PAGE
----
Use of flexible packaging is set to increase 8% in the U.S. this year, compared to a pre-pandemic forecast of just 3.2%, per Wood Mackenzie's analysis. That forecast drops back down to 2% by 2021 though.

This data does not capture the increased use of different kinds of plastic that may have longer uses, such as plexiglass to divide people in restaurants and offices.

Yes, but: The assumption the greater demand will drop off should face scrutiny, according to Ben Locwin, an epidemiologist and consultant for the Centers for Disease Control and Prevention.

"The whole reason behavioral economics field exists is because people don’t act rationally. To assume everyone will go back to how they used to behave when the new disposal lifestyle is more convenient isn’t true," he said.

2. OPEC's new balancing act

The OPEC+ coalition is entering the next phase of fraught market-management efforts that have repercussions for the battered U.S. oil industry.

Driving the news: The group yesterday agreed to press ahead with plans to begin increasing output as demand haltingly recovers.

  • The coalition of OPEC and Russia (among other producers) will ease their joint curbs by roughly 2 million barrels per day starting next month.
  • It hews to a deal struck in April, as COVID-19 shattered demand, to cut 10 million barrels daily from the market for three months before beginning to relax the curbs.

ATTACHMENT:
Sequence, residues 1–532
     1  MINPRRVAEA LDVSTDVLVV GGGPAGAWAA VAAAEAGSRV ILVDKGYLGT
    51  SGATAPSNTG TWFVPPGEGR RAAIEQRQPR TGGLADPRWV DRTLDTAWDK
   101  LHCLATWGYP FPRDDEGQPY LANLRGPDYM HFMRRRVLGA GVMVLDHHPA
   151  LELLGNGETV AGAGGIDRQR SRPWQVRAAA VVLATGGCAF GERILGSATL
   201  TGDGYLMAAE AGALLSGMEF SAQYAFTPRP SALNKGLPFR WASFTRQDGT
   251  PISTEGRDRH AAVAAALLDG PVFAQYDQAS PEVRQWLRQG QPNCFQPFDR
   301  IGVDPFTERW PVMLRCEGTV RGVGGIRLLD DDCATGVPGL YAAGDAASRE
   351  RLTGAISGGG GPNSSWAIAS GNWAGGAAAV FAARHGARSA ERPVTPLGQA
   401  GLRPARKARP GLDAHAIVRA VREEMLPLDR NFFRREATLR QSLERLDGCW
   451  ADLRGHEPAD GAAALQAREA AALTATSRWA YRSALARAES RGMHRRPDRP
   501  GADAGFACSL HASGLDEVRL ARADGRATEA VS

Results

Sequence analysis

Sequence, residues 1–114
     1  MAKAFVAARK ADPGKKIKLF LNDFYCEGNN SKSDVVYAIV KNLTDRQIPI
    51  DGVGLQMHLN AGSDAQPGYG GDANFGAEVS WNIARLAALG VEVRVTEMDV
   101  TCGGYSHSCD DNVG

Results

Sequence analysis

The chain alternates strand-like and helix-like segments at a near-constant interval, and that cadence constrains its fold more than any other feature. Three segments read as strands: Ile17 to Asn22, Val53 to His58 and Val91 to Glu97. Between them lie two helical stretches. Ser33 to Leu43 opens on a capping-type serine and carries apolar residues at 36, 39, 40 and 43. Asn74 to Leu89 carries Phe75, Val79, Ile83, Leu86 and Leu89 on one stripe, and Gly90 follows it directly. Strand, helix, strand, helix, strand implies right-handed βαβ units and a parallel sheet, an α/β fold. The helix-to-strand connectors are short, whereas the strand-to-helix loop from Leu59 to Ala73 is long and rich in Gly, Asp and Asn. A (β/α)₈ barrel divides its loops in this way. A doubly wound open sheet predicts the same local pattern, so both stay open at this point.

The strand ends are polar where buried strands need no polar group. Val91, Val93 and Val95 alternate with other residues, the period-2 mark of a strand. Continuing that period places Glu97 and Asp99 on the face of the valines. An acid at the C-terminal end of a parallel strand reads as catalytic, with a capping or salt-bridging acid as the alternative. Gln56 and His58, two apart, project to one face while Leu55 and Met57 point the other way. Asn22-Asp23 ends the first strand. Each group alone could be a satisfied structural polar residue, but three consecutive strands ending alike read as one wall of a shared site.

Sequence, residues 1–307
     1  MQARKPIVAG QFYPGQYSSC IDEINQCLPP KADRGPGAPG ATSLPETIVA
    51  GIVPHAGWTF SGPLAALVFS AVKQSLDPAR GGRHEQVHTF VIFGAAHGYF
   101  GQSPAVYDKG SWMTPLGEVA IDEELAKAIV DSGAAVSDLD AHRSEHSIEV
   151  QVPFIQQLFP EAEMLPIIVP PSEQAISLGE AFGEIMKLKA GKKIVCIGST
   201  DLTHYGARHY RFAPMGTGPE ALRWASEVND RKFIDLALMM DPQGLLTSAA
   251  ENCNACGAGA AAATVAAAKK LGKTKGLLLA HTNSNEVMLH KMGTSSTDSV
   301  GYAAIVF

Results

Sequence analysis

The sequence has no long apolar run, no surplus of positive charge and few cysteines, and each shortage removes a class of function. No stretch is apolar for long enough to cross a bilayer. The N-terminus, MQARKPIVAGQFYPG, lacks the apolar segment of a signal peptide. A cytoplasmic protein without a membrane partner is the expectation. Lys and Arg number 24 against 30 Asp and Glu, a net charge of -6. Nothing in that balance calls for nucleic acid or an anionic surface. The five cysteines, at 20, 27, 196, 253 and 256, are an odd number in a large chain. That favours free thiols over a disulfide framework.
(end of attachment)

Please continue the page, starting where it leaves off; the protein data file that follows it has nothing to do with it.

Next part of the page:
Why it matters: The oil sector is in uncharted waters amid uncertainty over the recovery from unprecedented demand loss and the severity of the COVID-19's trajectory.

"Oil market balance is progressively improving…But risks and uncertainties are huge, be they related to the pandemic or to the economic consequences," Algerian energy minister Abdelmadjid Attar said at yesterday's meeting, per the Associated Press.

What they're saying: KPMG analyst Regina Mayor said OPEC+ faces a delicate task amid its members' competition with U.S. producers, whose output is very price-sensitive.

"OPEC+ will have to work hard to ‘thread the needle’ to allow slight increases in production without unleashing U.S activity. Basically, this will be a classic case of how to boil the frog without it jumping out of the pot," Mayor said.

Go deeper: OPEC+ lauds oil price rebound as producers prepare to boost output (S&P Global Platts)

3. Oil giants agree to a new emissions target

Illustration: Sarah Grillo/Axios

A group of the world's largest oil-and-gas companies this morning pledged near-term cuts to greenhouse gas emissions from their operations.